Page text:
A new lecturer was put in an “impossible situation” by the University of Manchester leading to his constructive dismissal, an employment tribunal has found.
According to a report by the Times Higher Education, the tribunal panel was unanimous in its decision that engineering lecturer Andrew Cross had been subjected to “unreasonable and insensitive treatment” by his bosses during his three-year probationary period.
A committee was convened to decide if the lecturer should be offered permanent employment at the end of the period in November 2007 but they concluded his probation should be extended for another 12 months.
After attempting to obtain a reason for the decision, Cross resigned and accepted a post inindustry.
He said in his resignation letter that three years was “a more than sufficient period for an employer to make up its mind about the abilities of an employee”.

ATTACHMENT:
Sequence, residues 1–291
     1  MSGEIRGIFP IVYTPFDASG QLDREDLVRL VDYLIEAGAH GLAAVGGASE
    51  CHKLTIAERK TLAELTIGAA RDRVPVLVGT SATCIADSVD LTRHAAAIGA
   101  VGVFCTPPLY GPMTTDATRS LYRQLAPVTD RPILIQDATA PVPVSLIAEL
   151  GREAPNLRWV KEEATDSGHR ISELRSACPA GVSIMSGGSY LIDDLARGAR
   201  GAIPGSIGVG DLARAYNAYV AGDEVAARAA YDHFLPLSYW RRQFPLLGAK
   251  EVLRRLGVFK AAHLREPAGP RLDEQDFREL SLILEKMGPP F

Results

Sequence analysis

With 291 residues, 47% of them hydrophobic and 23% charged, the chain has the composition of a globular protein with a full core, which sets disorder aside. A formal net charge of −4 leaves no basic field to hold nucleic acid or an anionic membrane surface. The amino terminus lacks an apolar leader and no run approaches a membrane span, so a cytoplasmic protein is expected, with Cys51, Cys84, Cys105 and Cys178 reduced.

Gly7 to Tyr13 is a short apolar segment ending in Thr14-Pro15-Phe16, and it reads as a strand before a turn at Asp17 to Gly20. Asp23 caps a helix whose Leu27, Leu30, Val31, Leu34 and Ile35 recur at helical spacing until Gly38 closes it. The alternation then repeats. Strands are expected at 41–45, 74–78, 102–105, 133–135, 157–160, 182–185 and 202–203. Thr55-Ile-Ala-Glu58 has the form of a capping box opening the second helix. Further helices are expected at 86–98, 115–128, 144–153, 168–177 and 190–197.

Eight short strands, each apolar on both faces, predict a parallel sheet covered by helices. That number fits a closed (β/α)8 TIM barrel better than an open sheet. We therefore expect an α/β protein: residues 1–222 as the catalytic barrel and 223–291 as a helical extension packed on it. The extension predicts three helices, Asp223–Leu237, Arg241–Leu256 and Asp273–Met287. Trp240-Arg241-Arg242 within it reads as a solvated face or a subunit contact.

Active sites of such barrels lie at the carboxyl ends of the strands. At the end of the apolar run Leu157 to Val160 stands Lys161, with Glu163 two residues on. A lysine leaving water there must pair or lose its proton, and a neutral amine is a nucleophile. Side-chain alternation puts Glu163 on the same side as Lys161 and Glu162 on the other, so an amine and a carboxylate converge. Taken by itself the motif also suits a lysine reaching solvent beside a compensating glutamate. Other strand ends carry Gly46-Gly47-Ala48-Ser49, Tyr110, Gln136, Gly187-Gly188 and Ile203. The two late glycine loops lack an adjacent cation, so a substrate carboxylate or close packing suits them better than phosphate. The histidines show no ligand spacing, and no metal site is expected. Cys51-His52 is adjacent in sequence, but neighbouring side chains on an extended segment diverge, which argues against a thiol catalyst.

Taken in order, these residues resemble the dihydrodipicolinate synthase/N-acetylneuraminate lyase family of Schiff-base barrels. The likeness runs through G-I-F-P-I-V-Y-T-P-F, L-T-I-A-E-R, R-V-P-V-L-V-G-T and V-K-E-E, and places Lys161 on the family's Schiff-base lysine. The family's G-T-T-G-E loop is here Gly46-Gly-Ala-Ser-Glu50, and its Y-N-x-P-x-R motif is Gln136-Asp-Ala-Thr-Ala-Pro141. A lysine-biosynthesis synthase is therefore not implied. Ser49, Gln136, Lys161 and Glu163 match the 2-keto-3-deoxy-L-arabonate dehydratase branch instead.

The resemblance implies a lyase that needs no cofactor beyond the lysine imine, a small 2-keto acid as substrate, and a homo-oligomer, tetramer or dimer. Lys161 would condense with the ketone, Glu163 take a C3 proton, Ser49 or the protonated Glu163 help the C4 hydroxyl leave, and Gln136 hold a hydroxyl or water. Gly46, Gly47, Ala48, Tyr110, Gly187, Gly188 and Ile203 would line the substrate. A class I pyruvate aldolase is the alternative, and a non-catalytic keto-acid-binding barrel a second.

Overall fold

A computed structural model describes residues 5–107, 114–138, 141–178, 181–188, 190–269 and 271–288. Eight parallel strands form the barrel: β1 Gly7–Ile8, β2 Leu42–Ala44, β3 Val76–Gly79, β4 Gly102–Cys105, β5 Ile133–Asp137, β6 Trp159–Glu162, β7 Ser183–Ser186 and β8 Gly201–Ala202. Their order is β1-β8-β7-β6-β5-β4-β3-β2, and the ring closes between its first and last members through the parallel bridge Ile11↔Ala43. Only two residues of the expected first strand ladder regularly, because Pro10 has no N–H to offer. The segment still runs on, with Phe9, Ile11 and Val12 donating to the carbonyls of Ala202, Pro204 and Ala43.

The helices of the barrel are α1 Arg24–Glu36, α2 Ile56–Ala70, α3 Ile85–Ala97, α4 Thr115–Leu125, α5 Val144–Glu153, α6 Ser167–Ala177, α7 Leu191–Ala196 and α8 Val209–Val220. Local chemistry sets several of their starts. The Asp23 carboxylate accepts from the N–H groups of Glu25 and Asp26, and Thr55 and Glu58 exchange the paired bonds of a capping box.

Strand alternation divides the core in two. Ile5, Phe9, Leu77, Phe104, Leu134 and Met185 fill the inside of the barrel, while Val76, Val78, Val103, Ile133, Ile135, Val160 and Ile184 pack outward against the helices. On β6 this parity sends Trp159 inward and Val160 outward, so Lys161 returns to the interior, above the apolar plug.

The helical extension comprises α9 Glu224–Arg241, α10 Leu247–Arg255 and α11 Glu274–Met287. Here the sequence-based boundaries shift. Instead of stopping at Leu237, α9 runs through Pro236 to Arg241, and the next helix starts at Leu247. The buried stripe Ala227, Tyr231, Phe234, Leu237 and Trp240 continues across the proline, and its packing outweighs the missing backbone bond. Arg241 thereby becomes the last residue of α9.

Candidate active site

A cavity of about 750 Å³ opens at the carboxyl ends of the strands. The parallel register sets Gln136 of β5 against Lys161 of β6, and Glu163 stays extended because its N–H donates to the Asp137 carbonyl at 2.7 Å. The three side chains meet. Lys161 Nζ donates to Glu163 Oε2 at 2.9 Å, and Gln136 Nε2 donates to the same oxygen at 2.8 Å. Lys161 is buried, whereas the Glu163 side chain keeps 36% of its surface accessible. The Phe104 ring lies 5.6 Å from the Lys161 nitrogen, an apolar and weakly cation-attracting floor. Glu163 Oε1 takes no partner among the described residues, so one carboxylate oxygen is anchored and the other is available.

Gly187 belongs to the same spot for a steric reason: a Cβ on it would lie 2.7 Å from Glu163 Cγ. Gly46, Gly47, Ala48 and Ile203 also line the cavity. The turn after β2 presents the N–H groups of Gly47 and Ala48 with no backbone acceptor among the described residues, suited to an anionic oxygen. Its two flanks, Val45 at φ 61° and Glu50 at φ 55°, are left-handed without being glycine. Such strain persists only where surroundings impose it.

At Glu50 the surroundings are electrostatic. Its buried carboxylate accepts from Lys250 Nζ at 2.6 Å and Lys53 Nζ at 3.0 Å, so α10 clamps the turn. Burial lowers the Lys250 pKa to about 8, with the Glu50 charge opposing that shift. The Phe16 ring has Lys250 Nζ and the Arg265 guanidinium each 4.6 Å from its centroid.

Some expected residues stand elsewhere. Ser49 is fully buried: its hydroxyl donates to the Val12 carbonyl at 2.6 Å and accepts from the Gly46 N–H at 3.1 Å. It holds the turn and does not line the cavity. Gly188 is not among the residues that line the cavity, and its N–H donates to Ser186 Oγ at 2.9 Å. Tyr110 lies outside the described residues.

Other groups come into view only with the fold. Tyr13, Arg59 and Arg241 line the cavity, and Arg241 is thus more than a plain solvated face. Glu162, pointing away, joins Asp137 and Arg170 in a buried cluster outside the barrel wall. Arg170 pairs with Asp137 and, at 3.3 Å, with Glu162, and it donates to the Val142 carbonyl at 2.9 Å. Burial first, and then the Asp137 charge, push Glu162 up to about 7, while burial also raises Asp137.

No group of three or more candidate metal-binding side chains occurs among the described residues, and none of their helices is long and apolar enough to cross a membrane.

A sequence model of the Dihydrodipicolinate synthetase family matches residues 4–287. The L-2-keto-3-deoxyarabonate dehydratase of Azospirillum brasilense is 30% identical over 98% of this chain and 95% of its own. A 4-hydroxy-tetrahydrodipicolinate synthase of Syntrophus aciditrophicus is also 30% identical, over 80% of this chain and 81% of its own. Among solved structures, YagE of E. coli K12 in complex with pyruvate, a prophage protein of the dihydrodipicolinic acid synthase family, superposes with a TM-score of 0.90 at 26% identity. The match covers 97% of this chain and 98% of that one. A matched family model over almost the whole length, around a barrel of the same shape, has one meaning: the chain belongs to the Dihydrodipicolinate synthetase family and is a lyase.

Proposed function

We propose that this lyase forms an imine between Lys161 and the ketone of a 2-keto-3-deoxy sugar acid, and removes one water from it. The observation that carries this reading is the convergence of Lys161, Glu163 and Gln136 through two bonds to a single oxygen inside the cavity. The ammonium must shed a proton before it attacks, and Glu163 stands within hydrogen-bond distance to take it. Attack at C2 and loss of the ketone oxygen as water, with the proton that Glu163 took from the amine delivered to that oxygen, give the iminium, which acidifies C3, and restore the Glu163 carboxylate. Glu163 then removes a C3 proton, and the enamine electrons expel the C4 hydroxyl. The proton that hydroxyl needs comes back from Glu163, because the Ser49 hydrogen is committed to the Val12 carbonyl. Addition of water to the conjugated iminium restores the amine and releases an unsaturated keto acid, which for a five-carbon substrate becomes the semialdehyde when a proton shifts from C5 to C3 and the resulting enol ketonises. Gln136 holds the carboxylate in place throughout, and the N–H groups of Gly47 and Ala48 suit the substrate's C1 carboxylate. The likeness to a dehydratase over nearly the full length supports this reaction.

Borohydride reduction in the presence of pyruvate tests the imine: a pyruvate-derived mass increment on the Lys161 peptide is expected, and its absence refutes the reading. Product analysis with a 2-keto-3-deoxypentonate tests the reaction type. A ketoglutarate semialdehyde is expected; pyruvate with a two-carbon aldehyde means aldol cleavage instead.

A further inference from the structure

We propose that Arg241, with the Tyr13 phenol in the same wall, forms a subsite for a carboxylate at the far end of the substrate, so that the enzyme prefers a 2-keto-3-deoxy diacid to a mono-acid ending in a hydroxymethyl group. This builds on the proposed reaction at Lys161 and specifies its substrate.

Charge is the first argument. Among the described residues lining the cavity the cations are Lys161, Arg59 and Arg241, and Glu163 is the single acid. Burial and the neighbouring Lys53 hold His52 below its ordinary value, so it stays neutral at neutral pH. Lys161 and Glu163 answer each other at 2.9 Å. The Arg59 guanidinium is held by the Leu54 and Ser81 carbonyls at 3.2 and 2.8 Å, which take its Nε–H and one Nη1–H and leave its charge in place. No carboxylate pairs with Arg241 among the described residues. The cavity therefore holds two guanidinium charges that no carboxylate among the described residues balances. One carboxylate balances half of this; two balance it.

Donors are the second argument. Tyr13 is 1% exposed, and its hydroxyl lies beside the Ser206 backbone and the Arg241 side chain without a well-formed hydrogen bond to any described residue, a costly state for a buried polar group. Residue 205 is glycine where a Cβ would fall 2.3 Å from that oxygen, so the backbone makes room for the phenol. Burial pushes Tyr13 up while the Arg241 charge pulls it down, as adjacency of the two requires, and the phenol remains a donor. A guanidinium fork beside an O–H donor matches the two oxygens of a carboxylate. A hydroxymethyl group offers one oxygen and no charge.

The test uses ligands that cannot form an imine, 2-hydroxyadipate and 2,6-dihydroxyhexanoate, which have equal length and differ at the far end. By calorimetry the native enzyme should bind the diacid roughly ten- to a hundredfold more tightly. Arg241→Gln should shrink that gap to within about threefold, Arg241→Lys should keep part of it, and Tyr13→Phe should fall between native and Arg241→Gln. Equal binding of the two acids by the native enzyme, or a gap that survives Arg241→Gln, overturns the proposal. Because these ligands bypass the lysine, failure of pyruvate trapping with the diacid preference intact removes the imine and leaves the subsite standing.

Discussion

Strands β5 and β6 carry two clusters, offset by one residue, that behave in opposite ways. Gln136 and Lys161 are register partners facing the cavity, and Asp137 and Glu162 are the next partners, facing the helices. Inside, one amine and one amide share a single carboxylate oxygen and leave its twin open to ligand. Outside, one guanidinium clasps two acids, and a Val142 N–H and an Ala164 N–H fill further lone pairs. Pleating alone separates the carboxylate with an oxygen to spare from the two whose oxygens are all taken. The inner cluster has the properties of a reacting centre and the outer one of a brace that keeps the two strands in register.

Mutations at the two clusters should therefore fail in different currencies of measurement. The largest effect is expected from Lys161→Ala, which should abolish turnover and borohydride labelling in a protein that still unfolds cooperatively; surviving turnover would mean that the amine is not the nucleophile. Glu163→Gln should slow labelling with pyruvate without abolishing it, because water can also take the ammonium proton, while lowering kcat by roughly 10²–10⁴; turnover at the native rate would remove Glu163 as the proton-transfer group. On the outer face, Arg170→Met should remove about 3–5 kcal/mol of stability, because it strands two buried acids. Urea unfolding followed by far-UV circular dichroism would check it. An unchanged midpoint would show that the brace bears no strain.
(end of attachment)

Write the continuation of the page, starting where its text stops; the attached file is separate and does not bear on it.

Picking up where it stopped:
Soon afterwards he launched a legal claim for constructive dismissal.
The university argued that the academic’s trust and confidence could not have been undermined because he was still seeking reinstatement at the time he brought the action.
However, the tribunal rejected this argument, pointing out that it was the university’s failure to offer a permanent job that had prompted the lecturer to treat its “unacceptable behaviour” as a breach of contract.
In a judgment handed down in March, the tribunal said appraisal forms showed that Cross had achieved all of his objectives.
“All the members of the tribunal regard the cumulative effect of these shortcomings as nothing less than a shambolic exercise of the respondent’s obligations… the university had, by its actions or omissions, put Dr Cross in an impossible situation by December 2007,” the judgment said.
The university said it had reviewed and tightened protocols relating to the employment of academic staff and procedures were now more transparent.